As a child, Rose Franklin made an astonishing discovery: a giant metallic hand, buried deep within the earth. As an adult, she’s dedicated her brilliant scientific career to solving the mystery that began that fateful day: Why was a titanic robot of unknown origin buried in pieces around the world? Years of investigation have produced intriguing answers—and even more perplexing questions. But the truth is closer than ever before when a second robot, more massive than the first, materializes and lashes out with deadly force.

Now humankind faces a nightmare invasion scenario made real, as more colossal machines touch down across the globe. But Rose and her team at the Earth Defense Corps refuse to surrender. They can turn the tide if they can unlock the last secrets of an advanced alien technology. The greatest weapon humanity wields is knowledge in a do-or-die battle to inherit the Earth . . . and maybe even the stars.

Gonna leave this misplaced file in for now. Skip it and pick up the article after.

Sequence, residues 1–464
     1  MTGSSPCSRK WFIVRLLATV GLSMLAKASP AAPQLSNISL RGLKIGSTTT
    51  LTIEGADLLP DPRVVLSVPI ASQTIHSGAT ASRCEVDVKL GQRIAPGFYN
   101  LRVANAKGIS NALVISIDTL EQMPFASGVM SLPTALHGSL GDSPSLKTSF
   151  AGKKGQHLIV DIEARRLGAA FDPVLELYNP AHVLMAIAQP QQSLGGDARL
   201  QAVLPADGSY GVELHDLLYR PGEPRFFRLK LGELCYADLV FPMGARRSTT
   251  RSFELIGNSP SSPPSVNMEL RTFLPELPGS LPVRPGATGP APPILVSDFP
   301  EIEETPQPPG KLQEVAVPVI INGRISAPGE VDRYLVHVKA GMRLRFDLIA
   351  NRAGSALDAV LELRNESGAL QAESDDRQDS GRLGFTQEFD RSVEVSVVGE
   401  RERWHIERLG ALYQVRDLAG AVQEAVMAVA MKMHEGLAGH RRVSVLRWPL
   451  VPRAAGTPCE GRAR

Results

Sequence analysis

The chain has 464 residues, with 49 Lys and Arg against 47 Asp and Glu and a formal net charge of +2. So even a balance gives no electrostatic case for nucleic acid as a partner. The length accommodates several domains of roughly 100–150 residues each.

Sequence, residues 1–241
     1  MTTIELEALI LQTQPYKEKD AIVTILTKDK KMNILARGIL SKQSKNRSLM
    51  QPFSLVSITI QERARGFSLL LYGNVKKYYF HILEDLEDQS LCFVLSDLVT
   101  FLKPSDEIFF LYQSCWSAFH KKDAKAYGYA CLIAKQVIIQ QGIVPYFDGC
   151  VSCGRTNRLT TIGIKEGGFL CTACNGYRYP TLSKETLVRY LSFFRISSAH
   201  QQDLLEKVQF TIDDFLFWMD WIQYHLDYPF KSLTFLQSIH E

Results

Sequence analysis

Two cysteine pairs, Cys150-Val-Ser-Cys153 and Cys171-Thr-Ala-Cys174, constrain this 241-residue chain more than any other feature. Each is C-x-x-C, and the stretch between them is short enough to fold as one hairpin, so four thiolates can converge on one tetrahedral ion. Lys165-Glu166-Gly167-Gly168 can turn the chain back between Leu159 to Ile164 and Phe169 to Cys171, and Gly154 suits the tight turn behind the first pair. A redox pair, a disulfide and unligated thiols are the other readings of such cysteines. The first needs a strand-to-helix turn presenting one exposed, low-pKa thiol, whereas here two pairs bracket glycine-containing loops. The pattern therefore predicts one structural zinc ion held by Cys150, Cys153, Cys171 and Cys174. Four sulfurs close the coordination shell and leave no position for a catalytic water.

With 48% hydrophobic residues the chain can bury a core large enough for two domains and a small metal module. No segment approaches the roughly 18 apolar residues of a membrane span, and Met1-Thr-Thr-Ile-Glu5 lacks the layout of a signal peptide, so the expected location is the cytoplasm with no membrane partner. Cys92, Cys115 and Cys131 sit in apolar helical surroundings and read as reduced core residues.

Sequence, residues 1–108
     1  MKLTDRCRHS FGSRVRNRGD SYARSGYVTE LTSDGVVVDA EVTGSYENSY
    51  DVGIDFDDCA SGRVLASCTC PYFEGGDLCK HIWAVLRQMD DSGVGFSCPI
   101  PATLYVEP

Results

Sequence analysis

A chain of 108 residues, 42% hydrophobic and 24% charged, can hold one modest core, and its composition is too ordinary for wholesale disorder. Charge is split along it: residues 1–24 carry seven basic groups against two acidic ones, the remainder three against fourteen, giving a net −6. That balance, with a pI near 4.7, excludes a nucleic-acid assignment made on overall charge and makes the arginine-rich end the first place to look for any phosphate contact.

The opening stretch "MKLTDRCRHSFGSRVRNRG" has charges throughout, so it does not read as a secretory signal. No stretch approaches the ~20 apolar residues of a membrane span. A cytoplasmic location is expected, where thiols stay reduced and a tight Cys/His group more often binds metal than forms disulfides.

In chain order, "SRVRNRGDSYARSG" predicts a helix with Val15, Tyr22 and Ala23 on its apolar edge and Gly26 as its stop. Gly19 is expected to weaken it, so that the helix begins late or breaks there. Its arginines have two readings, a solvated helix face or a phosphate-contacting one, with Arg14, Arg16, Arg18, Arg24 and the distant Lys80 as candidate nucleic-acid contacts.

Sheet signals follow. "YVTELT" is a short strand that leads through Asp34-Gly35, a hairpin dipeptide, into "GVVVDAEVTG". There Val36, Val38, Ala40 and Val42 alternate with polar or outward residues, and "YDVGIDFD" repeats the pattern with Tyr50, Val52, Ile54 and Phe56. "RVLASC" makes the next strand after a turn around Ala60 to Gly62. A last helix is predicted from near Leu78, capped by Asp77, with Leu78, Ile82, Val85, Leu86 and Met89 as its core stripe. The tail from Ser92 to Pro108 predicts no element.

8- The Genius Plague by David Walton (Canada, USA, Europe)

Here's the blurb:


In this science fiction thriller, brothers are pitted against each other as a pandemic threatens to destabilize world governments by exerting a subtle mind control over survivors.

Neil Johns has just started his dream job as a code breaker in the NSA when his brother, Paul, a mycologist, goes missing on a trip to collect samples in the Amazon jungle. Paul returns with a gap in his memory and a fungal infection that almost kills him. But once he recuperates, he has enhanced communication, memory, and pattern recognition. Meanwhile, something is happening in South America; others, like Paul, have also fallen ill and recovered with abilities they didn’t have before.

But that’s not the only pattern–the survivors, from entire remote Brazilian tribes to American tourists, all seem to be working toward a common, and deadly, goal. Neil soon uncovers a secret and unexplained alliance between governments that have traditionally been enemies. Meanwhile Paul becomes increasingly secretive and erratic.

Paul sees the fungus as the next stage of human evolution, while Neil is convinced that it is driving its human hosts to destruction. Brother must oppose brother on an increasingly fraught international stage, with the stakes: the free will of every human on earth. Can humanity use this force for good, or are we becoming the pawns of an utterly alien intelligence?

9- Red Sister by Mark Lawrence (Canada, USA, Europe)

Here's the blurb:

I was born for killing – the gods made me to ruin.